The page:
4. Michel Foucault (1924-84) is, by many accounts, the most significant philosopher of the 20th century. He was trained historically, however, and many of his works have legal themes, such as his work on punishment. Much of his work is surprisingly accessible.
5. Jacques Derrida (1930-2004) was the "godfather" of deconstruction, a French literary critical movement that is behind much of Feldman's treatment of "postmodernism" which you read for last week.
6. Hans Kelsen (1882-1973) was a very significant jurisprudential thinker of the last generation. He was Austrian and was confronted in his younger days (after WWI) with drafting a new constitution for a country after the breakup of the Austro-Hungarian Empire. He was strongly indebted to Kant in his philosophy but also was shaped by the British positivists.
7. Joseph Raz, author of six books since his debut with The Authority of Law (Oxford UP) in 1979, won several awards for The Morality of Freedom (1986).
8. Lon Fuller (1902-78) wrote his classic book The Morality of Law in 1964. We read his legal hypothetical "The Case of the Speluncean Explorers" in the first week of class. He was Roscoe Pound's successor in teaching Jurisprudence at Harvard Law School, and never was fully comfortable with the "hard" positivism of the analytic philosophers and disciples of Jeremy Bentham. The "Hart/Fuller" debate in 1958 was one of the two most signficant jurisprudential moments in 20th century America (the other being the Pound/Llewellyn flap in the 1931 issues of HLR).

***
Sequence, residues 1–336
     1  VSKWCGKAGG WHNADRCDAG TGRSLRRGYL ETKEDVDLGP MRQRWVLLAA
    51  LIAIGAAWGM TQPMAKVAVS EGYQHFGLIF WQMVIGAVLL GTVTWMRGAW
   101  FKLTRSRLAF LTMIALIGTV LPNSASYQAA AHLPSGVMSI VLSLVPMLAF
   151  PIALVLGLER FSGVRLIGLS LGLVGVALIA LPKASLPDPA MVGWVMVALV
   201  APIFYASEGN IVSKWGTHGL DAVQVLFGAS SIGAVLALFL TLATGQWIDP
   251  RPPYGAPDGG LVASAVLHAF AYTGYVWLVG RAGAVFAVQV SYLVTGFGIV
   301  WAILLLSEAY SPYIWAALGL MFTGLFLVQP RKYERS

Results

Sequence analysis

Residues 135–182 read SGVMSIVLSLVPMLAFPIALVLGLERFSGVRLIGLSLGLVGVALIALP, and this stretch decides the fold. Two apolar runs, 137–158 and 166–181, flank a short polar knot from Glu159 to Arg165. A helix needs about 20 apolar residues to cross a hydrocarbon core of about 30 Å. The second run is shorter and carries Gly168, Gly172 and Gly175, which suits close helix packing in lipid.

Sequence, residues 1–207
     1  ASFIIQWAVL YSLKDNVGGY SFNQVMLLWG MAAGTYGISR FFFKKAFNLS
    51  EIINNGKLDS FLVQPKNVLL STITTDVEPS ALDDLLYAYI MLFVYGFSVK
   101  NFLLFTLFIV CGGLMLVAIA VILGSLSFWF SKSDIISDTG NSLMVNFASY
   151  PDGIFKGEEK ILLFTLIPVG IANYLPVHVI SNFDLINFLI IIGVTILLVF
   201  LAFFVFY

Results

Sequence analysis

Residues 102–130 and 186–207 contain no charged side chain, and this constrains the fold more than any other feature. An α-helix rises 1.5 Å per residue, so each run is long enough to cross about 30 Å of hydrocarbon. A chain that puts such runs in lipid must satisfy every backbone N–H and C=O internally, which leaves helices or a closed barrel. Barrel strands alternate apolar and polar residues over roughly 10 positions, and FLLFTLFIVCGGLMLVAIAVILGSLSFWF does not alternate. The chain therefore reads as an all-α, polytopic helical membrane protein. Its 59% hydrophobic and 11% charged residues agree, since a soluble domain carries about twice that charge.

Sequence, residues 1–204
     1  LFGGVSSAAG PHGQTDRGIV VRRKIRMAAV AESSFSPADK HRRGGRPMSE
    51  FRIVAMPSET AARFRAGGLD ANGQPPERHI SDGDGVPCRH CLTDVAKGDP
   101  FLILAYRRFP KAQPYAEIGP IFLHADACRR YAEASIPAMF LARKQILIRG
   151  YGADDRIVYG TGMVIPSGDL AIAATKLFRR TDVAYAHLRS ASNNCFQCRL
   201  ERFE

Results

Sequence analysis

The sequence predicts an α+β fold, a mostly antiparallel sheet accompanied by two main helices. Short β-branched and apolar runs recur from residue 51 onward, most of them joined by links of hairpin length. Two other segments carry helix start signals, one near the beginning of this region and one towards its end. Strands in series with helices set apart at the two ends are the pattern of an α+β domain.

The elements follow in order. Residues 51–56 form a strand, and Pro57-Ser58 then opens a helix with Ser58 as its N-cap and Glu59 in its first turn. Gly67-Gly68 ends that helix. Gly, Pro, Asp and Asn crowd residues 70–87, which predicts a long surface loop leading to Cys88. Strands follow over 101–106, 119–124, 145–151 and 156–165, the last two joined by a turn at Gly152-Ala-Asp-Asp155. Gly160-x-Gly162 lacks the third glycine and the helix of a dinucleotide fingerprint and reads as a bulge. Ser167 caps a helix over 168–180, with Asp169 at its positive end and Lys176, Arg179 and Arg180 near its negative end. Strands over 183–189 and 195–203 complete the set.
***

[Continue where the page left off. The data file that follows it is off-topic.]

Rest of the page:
9. Thomas Kuhn (1922-96) is significant not specifically for the study of law but for intellectual history. His 1962 book, The Structure of Scientific Revolutions, became a symbol of the transition between modernism and postmodernism (Patterson notes him in his article for the first day of the class) by arguing that scientific change was not a strictly rational process.
10. John Finnis (1940- ) is an Australian, and a professor of law at Oxford and the University of Notre Dame. He has been concerned to revive the study of natural law in the philosophy of law. His most significant work is Natural Law and Natural Rights. His work has received much notice because it is a direct attack on the work of HLA Hart and analytic tradition in British philosophy.
The next essay gives more names and books.
Copyright © 2004-2007 William R. Long